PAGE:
One of my most profound fears is losing someone I love. It’s something that has disturbed me since I was very young. When I first became aware of mortality – I can’t specify a time or incident – I very soon realized the implications, even at my young age: I would some day die, whether I want to or not. So would everyone and everything I’ve ever known and will know. It was a disturbing realization, and one that has since resurfaced regularly thanks to my tendency for neurosis. Were it not for the human capacity to disassociate from such concerns and focus attention elsewhere, I’d probably be driven to a consistent state of chronic depression and nihilism.
But it does keep me up some nights, and I do endure bouts of sadness as I reflect on the inescapability of death. Nothing I can do will stop my loved ones from perishing one by one. Nothing I can do will save me either. Everyone I see today will eventually disappear, the following generation replacing the previous one, only to be superseded itself some day, and so on and so forth for as long as our species continues. I dread the day when I have to worry about my parents or older relatives deteriorating. I’d rather not even write about it.
While some very few of us will live on through memory, the majority of us will forever cease to exist after a few generations. There will be only faded tombs or memorials, if even that. It’s a terrifying prospect to wrap my head around, and one that partly explains why so many people seek the comfort of faith and an afterlife (indeed, that’s arguably why such concepts were universally developed by humans in the first place).
The invincibility and permanence of death are not what terrify me the most, but the sheer randomness of it. There is nothing to stop or prevent death. You can reduce its probability but never eliminate it. I know of all kinds of stories of people dying arbitrary deaths in the most unlikely circumstances. Few people wake up in the morning knowing that they’ll die – heck, few people wake up really thinking about death at all. The fact that anyone I know, myself included, could die at any given moment is a disturbing realization, not helped by the fact that I have a graciously wide circle of people that I love. We go about our business with death looming over us at all times, never certain who, when, and where it’ll strike. Most people don’t think about it, but those of us that do find the concern nerve wracking, even if it’s fleeting.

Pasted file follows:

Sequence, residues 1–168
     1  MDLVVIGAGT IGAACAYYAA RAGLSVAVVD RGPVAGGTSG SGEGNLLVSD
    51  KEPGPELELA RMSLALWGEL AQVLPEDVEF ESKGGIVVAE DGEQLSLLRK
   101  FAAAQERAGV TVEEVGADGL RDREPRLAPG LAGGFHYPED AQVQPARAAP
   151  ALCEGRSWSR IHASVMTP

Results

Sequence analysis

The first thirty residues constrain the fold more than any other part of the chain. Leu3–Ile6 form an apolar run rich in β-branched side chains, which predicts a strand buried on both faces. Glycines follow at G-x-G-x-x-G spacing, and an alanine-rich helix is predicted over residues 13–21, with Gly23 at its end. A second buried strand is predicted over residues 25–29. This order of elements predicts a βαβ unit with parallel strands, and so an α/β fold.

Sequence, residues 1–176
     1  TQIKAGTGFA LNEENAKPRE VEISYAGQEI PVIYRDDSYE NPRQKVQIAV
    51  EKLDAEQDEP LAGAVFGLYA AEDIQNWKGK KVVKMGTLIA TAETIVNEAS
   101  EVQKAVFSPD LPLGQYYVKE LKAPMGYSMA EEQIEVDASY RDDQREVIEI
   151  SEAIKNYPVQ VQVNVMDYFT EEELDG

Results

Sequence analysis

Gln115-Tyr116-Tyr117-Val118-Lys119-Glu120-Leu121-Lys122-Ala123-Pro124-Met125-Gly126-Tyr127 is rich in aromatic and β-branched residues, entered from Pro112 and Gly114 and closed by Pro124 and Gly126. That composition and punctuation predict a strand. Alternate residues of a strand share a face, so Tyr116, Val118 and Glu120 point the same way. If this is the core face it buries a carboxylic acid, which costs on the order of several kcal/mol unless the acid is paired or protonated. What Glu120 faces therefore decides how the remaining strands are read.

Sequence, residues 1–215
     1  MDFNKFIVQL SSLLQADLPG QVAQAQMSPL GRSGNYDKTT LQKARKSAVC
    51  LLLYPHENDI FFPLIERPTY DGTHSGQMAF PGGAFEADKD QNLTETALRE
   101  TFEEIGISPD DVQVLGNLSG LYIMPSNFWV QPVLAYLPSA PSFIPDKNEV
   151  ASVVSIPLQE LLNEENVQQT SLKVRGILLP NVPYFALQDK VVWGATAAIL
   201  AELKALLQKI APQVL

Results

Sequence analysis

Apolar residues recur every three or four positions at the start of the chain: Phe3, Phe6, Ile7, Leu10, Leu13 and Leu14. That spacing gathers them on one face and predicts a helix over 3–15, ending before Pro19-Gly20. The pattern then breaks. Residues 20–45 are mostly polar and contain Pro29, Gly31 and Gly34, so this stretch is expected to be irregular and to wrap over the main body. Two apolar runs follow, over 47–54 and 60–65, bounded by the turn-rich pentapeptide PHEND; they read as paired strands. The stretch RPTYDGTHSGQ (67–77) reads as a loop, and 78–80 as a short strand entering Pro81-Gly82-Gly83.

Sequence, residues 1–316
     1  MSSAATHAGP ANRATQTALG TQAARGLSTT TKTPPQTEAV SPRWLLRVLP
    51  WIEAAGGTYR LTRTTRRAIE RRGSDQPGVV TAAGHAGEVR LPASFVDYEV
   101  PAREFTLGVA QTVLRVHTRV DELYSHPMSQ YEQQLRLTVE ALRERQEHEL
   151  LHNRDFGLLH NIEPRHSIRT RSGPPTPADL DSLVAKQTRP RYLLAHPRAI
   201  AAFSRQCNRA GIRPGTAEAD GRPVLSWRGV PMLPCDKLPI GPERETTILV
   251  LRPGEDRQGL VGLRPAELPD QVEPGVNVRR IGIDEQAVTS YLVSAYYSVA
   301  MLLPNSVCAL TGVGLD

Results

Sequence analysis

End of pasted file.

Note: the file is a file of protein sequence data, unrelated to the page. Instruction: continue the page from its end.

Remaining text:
I have an intense love of life. I imagine most humans do as well, of course. But I’m referring to something deeper than merely the act of living. I want to consciously enrich my life. I love and cherish every human experience: the expansion of knowledge, the meeting of new people, the exchange of good dialogue, the taste of good food, the sound of good music – all of it is what makes living precious. These aren’t just hedonistic indulgences, but the most vital element to being alive. Our times are brief, and our senses and perceptions are all we have to embrace the time we spend here. The more we stimulate them while we can, the better. When we grow old and reach the precipice of our demise, all we’ll have are these memories (or what is left of them).
To that end, love and compassion are equally valuable. As far as I’m concerned, a life lived well must encompass some degree of empathy for others. The time we spend with other humans (and animals) is the spice of life. As a social species, we are intrinsically reliant on one another to survive, not only in the most basic sense – for food, shelter, etc – but also for emotional and mental well-being. Without some degree of love, friendship, or empathetic interaction, we become troubled and even psychologically ill.
We’re all in this together: whatever our differences in this world, we all share the same fate. Death is the great equalizer. But most of us also share in common the gift of life as well. We share this Earth. We bear a responsibility to enhance and deepen one another’s experience, and in doing so, become surrounded by pleasant people who care about us and provide us with companionship. We seek better this world for our friends and children, and as we become more interconnected and intimate with one another, we expand this circle of responsibility to include entire regions, continents, or the human race.
In other words, all we have – to the best of our knowledge – is this one life, this one Earth, and this one generation of fellow humans who share it all with us, and who are in the exact same predicament. At any given moment, all of this can be taken away from us. There doesn’t have to be any warning, or pattern, or reason. This is frightening to me, but also empowering. It gives me a sense of purpose. I can either wallow in despair at the seemingly nihilistic nature of our existence, or I can make the most of my finite and fragile existence on this planet.
I want a life that is wealthy with happiness, experience, and friendship. I want a legacy that will endure for generations, if only for at least a handful of people. Simply put, I want a life lived well. Any minute, my life can take a turn for the worse. As morbid and disconcerting as this might be, it’s as good a reason as any to make sure I can squeeze the most out of every second.